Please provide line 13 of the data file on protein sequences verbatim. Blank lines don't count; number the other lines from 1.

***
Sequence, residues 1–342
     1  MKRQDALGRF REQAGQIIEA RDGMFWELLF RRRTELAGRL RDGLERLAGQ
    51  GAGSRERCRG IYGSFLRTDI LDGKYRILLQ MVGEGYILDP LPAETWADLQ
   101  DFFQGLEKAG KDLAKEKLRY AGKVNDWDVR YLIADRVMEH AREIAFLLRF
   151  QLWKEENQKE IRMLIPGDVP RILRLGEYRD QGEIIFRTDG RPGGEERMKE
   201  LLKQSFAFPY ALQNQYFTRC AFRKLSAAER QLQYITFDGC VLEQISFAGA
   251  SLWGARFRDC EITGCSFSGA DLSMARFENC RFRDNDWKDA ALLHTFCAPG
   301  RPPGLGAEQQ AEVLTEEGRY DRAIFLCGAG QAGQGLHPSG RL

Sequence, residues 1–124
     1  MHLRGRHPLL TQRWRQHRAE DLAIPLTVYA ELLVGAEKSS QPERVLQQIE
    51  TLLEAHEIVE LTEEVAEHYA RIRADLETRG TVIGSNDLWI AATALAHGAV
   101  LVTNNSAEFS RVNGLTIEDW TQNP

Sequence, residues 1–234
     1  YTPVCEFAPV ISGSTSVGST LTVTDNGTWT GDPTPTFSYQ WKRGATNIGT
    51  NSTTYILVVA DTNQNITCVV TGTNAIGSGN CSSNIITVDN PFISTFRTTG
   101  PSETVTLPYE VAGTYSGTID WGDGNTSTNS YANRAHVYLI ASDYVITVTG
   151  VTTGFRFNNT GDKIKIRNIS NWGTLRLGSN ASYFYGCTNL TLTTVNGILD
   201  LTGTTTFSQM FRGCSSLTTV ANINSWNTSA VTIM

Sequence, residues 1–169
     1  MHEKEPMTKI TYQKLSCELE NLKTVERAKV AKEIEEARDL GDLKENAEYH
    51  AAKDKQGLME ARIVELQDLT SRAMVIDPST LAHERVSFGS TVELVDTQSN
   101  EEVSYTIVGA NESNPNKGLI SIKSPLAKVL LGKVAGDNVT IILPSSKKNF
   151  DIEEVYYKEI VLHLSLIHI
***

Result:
Sequence, residues 1–234